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Asiago, Artichoke & Spinach Souffle
1 h 15 m
“Try this rich-tasting cheese, artichoke and spinach soufflé recipe for your next brunch. If you can't find artichoke bottoms—literally the bottom of the artichoke heart without the leaves attached—you can substitute regular canned artichoke hearts instead. Just be sure to pat them very dry to prevent your soufflé from being too wet.”
¼ cup white whole-wheat flour (see Tips) or all-purpose flour
4 large egg yolks, at room temperature (see Tips)
8 large egg whites, at room temperature (see Tips)
⅛ teaspoon salt
1Position rack in lower third of oven; preheat to 375°F. Coat eight 10-ounce ramekins or a 2½-quart souffle dish (or similar-size baking dish) with cooking spray. Sprinkle with enough breadcrumbs to generously coat the inside, tilting to evenly distribute; tap out excess. Place ramekins on a baking sheet.
2Pat artichoke bottoms dry, chop and then pat dry again. Press thawed spinach in a fine sieve until very dry, then finely chop. Combine the chopped artichoke and spinach in a bowl with Asiago (or Parmesan) and pepper.
3Heat milk in a small saucepan over medium heat until steaming. Melt butter and oil in a medium saucepan over medium-low heat. Whisk in flour and cook, whisking, for 2 minutes. Slowly whisk in the hot milk and cook over medium-low heat, whisking, until the mixture is the consistency of thick batter, 2 to 4 minutes. Transfer to a large bowl. Whisk in egg yolks, one at a time, until incorporated. Whisk in the artichoke-spinach mixture.
4Clean and dry a large mixing bowl and beaters, making sure there are no traces of oil. (Any fat in your egg whites may prevent your souffle from rising properly.) Beat egg whites in the bowl with an electric mixer on medium speed until foamy. Add salt; gradually increase speed to high and beat until shiny and stiff, but not dry. Do not overbeat: stop when the egg whites hold their shape in the bowl and on the beater but don't look overly dry or lumpy.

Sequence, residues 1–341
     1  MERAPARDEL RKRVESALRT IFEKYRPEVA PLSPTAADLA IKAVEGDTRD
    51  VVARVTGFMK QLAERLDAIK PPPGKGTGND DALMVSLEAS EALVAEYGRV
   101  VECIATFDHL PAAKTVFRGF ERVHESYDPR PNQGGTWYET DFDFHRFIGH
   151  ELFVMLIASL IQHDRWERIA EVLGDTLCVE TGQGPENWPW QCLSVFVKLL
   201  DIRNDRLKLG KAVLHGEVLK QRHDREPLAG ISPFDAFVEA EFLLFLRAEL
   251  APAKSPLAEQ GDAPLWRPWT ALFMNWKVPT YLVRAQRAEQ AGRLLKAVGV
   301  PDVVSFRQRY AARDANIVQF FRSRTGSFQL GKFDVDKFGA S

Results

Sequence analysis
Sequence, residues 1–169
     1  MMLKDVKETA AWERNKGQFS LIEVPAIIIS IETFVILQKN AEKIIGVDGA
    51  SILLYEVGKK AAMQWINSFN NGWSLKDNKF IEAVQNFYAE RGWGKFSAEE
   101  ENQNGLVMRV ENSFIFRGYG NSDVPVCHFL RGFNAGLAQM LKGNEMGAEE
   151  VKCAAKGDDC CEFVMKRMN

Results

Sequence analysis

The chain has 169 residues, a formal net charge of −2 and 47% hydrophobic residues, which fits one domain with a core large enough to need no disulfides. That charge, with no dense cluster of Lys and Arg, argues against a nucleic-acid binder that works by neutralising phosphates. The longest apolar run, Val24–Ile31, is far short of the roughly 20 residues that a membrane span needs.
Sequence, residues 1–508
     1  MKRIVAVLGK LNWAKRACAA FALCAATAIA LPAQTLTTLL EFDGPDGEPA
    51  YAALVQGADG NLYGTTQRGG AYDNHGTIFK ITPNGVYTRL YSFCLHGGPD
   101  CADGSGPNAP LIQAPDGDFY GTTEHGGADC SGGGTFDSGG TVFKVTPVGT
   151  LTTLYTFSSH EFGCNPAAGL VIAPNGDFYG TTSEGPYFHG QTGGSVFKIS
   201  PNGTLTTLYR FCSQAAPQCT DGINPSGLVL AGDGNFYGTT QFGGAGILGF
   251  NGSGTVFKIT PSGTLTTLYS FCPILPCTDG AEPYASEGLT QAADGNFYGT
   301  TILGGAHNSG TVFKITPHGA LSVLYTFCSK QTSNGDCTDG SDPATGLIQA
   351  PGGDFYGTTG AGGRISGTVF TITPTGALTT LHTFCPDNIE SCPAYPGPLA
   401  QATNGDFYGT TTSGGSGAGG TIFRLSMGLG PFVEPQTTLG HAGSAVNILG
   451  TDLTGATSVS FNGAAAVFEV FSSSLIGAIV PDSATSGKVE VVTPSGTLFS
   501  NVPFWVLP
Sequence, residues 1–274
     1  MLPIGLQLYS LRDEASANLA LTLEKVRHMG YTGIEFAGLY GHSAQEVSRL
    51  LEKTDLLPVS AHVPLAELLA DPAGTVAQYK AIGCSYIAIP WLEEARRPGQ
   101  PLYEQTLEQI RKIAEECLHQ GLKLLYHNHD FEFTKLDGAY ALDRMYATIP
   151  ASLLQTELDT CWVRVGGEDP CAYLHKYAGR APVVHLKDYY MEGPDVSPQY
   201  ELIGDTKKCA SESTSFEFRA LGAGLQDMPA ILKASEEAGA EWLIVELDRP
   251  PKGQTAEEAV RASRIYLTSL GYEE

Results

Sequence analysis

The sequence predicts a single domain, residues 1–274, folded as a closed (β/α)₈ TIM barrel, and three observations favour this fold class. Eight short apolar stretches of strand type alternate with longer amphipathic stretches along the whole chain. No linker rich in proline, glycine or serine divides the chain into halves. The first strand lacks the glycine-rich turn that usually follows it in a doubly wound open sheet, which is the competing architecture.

5Using a rubber spatula, stir one-third of the whites into the egg-yolk mixture to lighten it. Gently fold in the remaining egg whites just until evenly distributed. It's OK if a few white streaks remain. Spoon the batter into the prepared dish(es).
6Bake until puffed and firm to the touch, 20 to 24 minutes for 10-ounce souffles, 38 to 42 minutes for a 2½-quart souffle. (Resist the temptation to take a peek until the last 5 minutes of baking—an open oven door will let in too much cool air and may interrupt the rising.) Once out of the oven, even a beautifully puffed souffle will slowly deflate, so go directly to the table to show off its beauty, then serve it at once.
Make Ahead Tip: Prepare through Step 3, cover and refrigerate for up to 1 day. Bring to room temperature before folding in egg whites.
Equipment: Eight 10-ounce ramekins or a 2½-quart soufflé dish
Tips: White whole-wheat flour, made from a special variety of white wheat, is light in color and flavor but has the same nutritional properties as regular whole-wheat flour. It is available at large supermarkets and natural-foods stores and online at bobsredmill.com or kingarthurflour.com. Store it in the freezer.
Room-temperature egg whites will gain more volume when beaten and help your soufflé rise. To bring eggs to room temperature before separating the yolks from the whites, set the eggs out on the counter for 15 minutes or submerge (in the shell) in a bowl of lukewarm (not hot) water for 5 minutes.
For the fluffiest soufflé, the egg whites must be completely free of any traces of yolk. Separate the eggs one at a time before adding the white to the mixing bowl; if there are any specks of yolk in the white, throw away the white, clean the bowl with soap and water and start over.
Cut Down on Dishes: A rimmed baking sheet is great for everything from roasting to catching accidental drips and spills. For effortless cleanup and to keep your baking sheets in tip-top shape, line them with a layer of foil before each use.